(ii) United Kingdom
The United Kingdom of Great Britain and Northern Ireland (UK) has a unitary government. This differs from a 2-tiered federal system, such as Australia and the USA, where the Constitution divides authority between a central (federal) government and state governments.
The UK has no such Constitution.136 The Parliament at Westminster holds the unrestricted power of law-making (Sovereignty of Parliament), and the UK Parliament has no limits on the subject matter on which it may legislate.137 Thus, the UK national government can delegate responsibilities to subordinate bodies, such as regional and local authorities, at will. This means that local authorities in the UK can act only within the power conferred to them by the national government. In contrast, the federal Constitutions of Australia and the USA confer original authority directly to the state governments. Only an amendment to the Constitution can change this.
The absolute authority of the UK Parliament and the supremacy of English law have, however, retracted somewhat since the UK joined the European Communities in 1973.138 By enacting the European Communities Act 1972, and its later amendments, the UK has transferred certain rights and obligations arising under the EU/EC treaties from its domestic legal system to the legal system of the European Union. As a result, the UK government has accepted that, within the limits of the powers conferred to the EU, UK law is no longer the supreme source of law; overriding European legislation restricts it.139 This means that EU law prevails over conflicting national provisions.140
Although the content of EU law covers fewer subjects than UK law, EU law's impact has expanded considerably. Initially concerned essentially with economic activity, the EU legal competence now also comprises many other subjects, such as the environment and health. Only the provisions of the EC/EU treaties, drafted in very general terms, limit its scope.
136 The UK has no single constitutional document. Acts of Parliament, common law, and conventions comprise the sources of the UK Constitution.
137 See Neil Parpworth and David Pollard, Constitutional and Administrative Law (4th ed, 2006) 75.
138 The European Communities originally consisted of the European Coal and Steel Community (ECSC), which expired in 2002, the European Atomic Energy Community (Euratom), and the European Economic Community (EEC). In 1993, the Maastricht Treaty (Treaty on European Union) established the European Union (EU) and renamed the EEC the 'European Community' (EC). The UK ratified the Maastricht Treaty in 1993. Today, the EU consists of the 2 remaining European Communities (first pillar), comprising the EC and Euratom, the common foreign and security policy (second pillar), and the police and judicial cooperation in criminal matters (third pillar). The Treaty on European Union (EU Treaty) and the Treaty Establishing the European Community (EC Treaty) constitute the competence of the EU and the EC. For more information on the EU, see European Commission, 'How the European Union Works—Your Guide to the EU Institutions' (2005) (http://europa.eu.int/comm/publications) (accessed 30 June 2007); Pascal Fontaine, 'Europe in 12 Lessons' (2006) (http://ec.europa.eu/publications) (accessed 30 June 2007); Neill Nugent, The Government and Politics of the European Union (6th ed, 2006); Richard Ward and Amanda Wragg, Walker and Walker's English Legal System (9th ed, 2005) 110–46.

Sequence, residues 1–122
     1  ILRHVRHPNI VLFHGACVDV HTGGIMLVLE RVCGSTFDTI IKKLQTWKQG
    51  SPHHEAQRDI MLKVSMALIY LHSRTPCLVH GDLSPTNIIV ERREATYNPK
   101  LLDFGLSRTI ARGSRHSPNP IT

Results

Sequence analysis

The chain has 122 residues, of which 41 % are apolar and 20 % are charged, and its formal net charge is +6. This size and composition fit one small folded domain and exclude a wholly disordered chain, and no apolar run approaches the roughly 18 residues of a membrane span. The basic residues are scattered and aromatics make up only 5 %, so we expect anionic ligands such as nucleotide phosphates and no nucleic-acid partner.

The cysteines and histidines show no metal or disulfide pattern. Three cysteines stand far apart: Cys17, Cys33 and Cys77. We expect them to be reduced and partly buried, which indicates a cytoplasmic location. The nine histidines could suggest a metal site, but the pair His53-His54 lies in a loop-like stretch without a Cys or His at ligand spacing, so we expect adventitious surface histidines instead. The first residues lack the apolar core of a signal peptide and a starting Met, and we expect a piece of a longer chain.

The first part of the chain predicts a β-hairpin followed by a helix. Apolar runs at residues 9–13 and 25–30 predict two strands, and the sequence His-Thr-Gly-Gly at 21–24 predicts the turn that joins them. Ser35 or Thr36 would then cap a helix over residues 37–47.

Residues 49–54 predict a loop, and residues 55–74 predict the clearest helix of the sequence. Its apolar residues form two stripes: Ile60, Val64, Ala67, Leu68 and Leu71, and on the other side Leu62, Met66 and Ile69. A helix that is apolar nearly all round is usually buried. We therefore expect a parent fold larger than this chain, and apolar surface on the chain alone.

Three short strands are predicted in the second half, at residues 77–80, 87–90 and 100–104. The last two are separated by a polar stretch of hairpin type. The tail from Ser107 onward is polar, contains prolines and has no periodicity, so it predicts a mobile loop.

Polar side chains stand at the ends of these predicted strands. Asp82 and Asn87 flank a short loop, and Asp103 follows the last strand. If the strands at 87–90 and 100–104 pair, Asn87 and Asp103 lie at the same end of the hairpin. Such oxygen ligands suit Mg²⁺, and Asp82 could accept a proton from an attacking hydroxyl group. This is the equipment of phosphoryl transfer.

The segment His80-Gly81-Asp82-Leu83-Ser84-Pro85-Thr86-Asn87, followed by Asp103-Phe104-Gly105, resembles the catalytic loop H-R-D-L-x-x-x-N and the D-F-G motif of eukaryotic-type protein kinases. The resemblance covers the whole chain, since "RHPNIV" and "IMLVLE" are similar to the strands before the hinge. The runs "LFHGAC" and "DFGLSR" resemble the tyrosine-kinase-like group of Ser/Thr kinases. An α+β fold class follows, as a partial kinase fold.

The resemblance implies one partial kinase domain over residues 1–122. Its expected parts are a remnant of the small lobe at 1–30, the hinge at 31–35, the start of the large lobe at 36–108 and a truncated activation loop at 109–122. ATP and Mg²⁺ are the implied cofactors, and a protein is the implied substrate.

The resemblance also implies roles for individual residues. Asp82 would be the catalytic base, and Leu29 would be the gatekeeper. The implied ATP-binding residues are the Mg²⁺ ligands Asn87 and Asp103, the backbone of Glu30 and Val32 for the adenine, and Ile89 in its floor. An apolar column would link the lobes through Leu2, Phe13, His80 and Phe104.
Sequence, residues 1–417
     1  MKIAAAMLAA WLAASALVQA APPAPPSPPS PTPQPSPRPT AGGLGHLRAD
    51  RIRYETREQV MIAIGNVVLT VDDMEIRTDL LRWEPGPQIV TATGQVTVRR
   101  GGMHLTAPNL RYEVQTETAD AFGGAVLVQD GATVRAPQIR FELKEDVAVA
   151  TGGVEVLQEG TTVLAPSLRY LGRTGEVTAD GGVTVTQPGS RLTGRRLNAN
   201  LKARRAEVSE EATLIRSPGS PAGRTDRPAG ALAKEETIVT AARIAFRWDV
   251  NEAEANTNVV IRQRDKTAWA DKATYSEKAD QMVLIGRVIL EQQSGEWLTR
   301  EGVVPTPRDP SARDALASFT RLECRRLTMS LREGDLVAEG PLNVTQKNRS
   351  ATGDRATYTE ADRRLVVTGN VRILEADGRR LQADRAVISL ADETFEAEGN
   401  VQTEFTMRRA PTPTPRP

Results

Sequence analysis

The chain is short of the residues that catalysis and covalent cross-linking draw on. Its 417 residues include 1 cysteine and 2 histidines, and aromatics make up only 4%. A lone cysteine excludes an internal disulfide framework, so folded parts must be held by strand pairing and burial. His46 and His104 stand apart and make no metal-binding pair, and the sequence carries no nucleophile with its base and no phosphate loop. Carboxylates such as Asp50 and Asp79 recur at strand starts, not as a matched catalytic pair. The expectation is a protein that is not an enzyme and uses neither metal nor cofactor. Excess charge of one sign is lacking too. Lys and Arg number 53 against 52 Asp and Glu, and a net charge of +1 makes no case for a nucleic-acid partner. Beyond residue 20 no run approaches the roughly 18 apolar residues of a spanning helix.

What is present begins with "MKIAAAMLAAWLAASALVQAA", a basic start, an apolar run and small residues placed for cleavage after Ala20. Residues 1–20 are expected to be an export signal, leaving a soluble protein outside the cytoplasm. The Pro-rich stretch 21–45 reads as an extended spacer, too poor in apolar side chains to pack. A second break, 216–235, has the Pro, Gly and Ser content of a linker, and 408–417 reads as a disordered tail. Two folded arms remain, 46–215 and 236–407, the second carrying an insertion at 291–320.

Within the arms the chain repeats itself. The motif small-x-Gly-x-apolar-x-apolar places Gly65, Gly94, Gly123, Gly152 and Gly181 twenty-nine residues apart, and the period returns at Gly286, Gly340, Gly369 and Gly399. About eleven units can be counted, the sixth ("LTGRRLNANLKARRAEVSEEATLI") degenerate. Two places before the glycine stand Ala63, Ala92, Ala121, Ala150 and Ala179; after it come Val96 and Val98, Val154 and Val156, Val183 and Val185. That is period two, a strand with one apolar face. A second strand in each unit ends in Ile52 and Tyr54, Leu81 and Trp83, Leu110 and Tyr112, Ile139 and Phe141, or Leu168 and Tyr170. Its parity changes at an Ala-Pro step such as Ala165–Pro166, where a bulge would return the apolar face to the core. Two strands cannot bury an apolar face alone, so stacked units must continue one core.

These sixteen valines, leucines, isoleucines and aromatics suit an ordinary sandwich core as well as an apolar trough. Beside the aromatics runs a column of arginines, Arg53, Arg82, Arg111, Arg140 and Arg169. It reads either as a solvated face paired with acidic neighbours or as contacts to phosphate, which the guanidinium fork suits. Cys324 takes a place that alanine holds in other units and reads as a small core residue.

139 UK courts have the power to overturn executive actions, delegated legislation, and Acts of Parliament if the legislation does infringe European law; see, for example, Factortame v Secretary of State for Transport(No 2)  1 AC 603.
140 European law consists of primary and secondary legislation. The Treaty on European Union (EUT) and the Treaty on Establishing the European Community (ECT) form part of the primary legislation, which defines the scope of the competence of EU/EC institutions (The Council of the European Union and the European Council, the European Parliament, and the European Commission). The EC Treaty confers legislative power to the EC institutions to make secondary legislation in accordance with the provisions of the Treaty. It thereby distinguishes different types of legislation: directives, regulations, decisions, recommendations, and opinions; see Art 249 ECT. EU regulations directly apply in all member states, and bind in their entirety. This means that they automatically form part of UK law without any further national enactment. Directives, however, do not directly apply and need further implementation by an Act of Parliament or secondary legislation to take effect. Decisions bind in their entirety on all those the decisions address. Recommendations and opinions do not bind and, therefore, do not form part of EU law. However, their legal status lacks full clarity since the Court of Justice of the EC has only occasionally referred to them. The case law of the Court of Justice of the European Communities provides another source of EU law.